You may be the best bug hunter in the word, but what good is it to find a quality bug if you cannot communicate it effectively to the developer for the fix? This is precisely the question we asked Nicola Sedgwick, a gold rated uTester since 2010, to speak about in our most recent uMentor webinar on writing quality bug reports. In case you missed it, here are the main highlights:
- What makes a good bug report
- Writing accurate reproduction steps
- How attachments can help your bug reports to be more clear
- What is expected in bug reports at uTest
- What happens to bugs after they have been reported
If you have an hour to spare, the recorded session can be found at the bottom of this post. And with over 160 attendees, it’s not a surprise that we received 100+ questions! While we couldn’t answer them all in the allotted time, we kindly asked Nicola to answer three of the most interesting and popular questions that came up. Here they are…
Is there a standard template for reporting bugs?
Generally a good bug report will detail the steps taken to reproduce the bug, the environment(s) on which the bug was seen and the behavior that was seen in comparison to the behavior that was expected. This should all be headed with a decent “executive summary” that succinctly details the problem. However, there is no one standard template; there seem to be several different templates and best practices depending on the company and their needs.
Why are titles of my bug reports so important?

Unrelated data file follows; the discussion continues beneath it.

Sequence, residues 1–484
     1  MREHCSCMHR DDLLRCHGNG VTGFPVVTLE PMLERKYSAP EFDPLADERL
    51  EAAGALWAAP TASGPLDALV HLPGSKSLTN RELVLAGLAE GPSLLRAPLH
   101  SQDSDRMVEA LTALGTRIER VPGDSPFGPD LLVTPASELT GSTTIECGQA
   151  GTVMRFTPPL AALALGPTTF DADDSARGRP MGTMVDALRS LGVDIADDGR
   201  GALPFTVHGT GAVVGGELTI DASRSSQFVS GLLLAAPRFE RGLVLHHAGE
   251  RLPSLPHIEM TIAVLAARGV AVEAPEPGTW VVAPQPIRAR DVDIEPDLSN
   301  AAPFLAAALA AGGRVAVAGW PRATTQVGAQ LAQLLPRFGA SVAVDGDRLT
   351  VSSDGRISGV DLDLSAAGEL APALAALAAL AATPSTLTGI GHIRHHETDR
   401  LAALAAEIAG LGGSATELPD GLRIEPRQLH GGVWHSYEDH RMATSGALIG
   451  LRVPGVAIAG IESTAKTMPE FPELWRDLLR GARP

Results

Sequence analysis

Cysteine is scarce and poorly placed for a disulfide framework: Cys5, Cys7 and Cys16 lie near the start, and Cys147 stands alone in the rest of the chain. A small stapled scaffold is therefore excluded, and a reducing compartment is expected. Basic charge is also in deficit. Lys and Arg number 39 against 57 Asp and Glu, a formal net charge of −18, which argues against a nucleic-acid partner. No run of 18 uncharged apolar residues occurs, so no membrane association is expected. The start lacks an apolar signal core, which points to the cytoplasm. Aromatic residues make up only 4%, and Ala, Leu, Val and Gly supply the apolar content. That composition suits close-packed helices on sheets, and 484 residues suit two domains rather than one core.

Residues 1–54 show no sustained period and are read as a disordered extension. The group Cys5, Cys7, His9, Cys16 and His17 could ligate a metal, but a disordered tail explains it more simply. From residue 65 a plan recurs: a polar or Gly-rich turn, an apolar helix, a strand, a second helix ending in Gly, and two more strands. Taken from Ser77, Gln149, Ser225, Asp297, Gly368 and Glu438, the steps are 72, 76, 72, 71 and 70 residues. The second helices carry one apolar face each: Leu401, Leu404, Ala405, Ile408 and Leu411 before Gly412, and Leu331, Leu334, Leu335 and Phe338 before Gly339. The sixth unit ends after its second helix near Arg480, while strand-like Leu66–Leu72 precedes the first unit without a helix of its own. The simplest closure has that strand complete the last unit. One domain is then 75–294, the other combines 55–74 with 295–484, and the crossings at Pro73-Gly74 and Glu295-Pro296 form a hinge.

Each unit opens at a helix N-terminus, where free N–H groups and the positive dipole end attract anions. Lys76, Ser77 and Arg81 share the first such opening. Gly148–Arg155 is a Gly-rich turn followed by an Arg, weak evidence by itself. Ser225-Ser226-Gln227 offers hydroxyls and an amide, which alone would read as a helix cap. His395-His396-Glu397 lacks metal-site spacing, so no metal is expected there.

A bug title can summarize the core problem as well as the environment affected and this can be used to hook an observer into opening the bug and reading the detail. A title can also serve as a reminder of the bug content when you are viewing report and lists of bugs. Remember that at some point someone is going to be triaging the bugs you log and deciding where they fit in the development plan.
Also, as a tester on the uTest platform you have the ability to search bugs to avoid logging duplicates and having those bugs rejected. However, this search only looks over the bug titles, so we all rely on other testers constructing decent bug titles in order to protect our own ratings. In the sense that you reap what you sow it seems right that we should all set a good example in our bug titles and take a second look at them to ensure they would captivate an external observer.
How useful is it to name attachments in a logical and consistent manner that could indicate the order they should be viewed in as well as clarify what each one portrays?
Incredibly useful! At a basic level labeling screenshots as ‘before’ and ‘after’ takes away any potential confusion for the recipient of the bug. When you’re dealing with more complicated bugs you can both name your screenshots logically and also reference the names of the screenshots from the section of the bug that refers to the screenshot’s contents. Basically anything you can do to minimize confusion and communication errors is absolutely invaluable.
Following these three pieces of advice will help you greatly in writing quality bug reports. For even more information on how to communicate your bugs effectively you can download the presentation sides and check out the live recording of the webinar and Q&A session. If you are already a member of our forums you can join in on the conversation as we continue to address this subject. Happy bug hunting!